Gov. Phil Murphy warned a “financial disaster” is the next surge the state government will have to confront.
“A fiscal disaster is not months away. These decisions will be on our doorstep in literally just a few weeks,” Murphy stated on May 4. “We are on the brink of having to make very tough and quite frankly, very unpalatable decisions.”
The proclamation came as the governor signed an executive order rescinding the state’s Department of the Treasury from having to achieve a nearly $1.3 billion surplus by the end of this current fiscal year.
Tough Financial Choices
“No one has been more committed to restoring our state’s fiscal foundation than I have,” said Murphy. “We have spent the past two years working nonstop to build surpluses and put money aside for a rainy day fund. However, in the absence of significant federal assistance…a $1.28 billion surplus for this fiscal year is no longer realistic.”
The first-term Democratic governor said the severity of the financial crisis is a result of both plummeting state revenues due to the near total shutdown of the economy and the skyrocketing costs of fighting the coronavirus pandemic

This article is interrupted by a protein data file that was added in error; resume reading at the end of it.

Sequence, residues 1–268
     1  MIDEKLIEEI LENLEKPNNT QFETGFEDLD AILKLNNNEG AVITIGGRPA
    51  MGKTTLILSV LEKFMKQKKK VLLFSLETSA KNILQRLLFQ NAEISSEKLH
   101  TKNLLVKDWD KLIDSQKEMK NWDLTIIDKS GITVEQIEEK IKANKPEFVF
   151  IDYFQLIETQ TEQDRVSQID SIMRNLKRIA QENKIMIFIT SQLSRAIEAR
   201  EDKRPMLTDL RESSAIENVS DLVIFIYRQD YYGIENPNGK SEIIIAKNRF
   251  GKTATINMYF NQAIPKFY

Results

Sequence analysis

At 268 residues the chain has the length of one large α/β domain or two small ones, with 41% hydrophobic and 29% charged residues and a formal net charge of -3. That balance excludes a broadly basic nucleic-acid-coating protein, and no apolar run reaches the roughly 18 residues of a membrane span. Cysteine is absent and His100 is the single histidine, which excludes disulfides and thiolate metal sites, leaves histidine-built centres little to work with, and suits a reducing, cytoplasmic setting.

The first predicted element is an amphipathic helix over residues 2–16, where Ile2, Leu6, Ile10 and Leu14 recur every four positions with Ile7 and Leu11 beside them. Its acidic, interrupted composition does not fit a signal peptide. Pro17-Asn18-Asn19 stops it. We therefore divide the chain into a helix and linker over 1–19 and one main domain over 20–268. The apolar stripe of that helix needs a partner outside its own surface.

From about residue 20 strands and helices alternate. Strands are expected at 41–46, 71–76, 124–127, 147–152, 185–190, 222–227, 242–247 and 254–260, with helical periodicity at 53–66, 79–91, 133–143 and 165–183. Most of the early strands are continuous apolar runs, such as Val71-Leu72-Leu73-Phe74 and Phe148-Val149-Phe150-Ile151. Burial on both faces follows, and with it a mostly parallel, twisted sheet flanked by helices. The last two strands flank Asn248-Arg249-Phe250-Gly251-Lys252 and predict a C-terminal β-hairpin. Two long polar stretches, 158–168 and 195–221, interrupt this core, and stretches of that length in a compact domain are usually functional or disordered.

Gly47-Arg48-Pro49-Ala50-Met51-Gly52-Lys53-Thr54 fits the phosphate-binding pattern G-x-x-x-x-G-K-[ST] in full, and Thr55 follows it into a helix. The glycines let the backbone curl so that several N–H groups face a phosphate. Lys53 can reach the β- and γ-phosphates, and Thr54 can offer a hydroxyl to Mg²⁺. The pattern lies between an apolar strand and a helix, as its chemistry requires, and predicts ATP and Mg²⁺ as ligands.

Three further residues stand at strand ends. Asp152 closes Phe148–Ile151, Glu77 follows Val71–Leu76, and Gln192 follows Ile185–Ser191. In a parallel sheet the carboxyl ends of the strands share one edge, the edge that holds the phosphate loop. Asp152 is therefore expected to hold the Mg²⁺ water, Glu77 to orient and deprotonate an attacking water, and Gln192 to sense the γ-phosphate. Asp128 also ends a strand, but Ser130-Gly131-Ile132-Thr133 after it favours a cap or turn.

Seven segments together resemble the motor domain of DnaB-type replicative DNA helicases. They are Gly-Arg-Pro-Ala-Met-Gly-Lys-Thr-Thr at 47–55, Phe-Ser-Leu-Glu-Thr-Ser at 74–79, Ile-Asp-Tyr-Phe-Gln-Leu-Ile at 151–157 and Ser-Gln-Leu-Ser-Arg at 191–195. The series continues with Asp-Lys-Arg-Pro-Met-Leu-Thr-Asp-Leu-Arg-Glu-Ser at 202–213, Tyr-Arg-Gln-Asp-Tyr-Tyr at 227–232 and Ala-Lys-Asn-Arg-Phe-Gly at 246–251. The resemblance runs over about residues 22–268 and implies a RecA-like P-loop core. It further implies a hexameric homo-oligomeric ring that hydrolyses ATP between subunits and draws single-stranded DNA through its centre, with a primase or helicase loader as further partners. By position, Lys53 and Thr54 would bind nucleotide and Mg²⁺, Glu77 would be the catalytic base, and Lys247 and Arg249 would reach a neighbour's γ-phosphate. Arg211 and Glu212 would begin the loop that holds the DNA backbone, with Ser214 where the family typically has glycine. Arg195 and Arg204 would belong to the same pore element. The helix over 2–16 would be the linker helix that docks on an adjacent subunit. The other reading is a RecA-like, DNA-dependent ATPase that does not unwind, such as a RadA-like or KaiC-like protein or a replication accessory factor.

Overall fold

Layoffs on the Horizon
“Layoffs (are) already happening at municipal levels,” said Murphy. “This is not a theoretical argument. But I think it’s going to be a question of scale, whether or not this is here and there or if this is a massive, across-the-board reality, and please God it is not that.”
According to Murphy, larger cuts would include police, firefighters, EMTs and paramedics, public health workers, educators and “the hardworking folks processing a mountain of unemployment claims…on the job and working to get us through this.”
The governor said the best way to avoid layoffs on a broad scale rests on the combination of the state’s ability to borrow and federal assistance, specifically an interpretation of The CARES Act allowing the state to use the aid in ways they see fit.
“That’s an important piece, that we get a big bucket of federal direct cash assistance through Congress and a bill signed by the President,” said Murphy, a former executive at Goldman Sachs. “We need the federal government to step forward with significant investment in our states, both red and blue, to prevent our recovery from being held back because we cannot fund it.”
“Across the country, cuts to critical services are inevitable and bankruptcy is not an option.”
To give the state the ability to borrow at rates that are currently very favorable, Murphy called on the state Senate and Assembly to give him the ability to do so.
“We will still need to borrow on a short-term basis to bridge our immediate cash flow needs,” said the governor. “Even Warren Buffett said this weekend, this is a good time to borrow money.”
Additionally, Murphy intends to veto numerous bills approved by the legislature as a result of not having the appropriate amount of money to properly fund the programs.
“I don’t want to veto them. But given our current fiscal situation, I have no other choice,” said the governor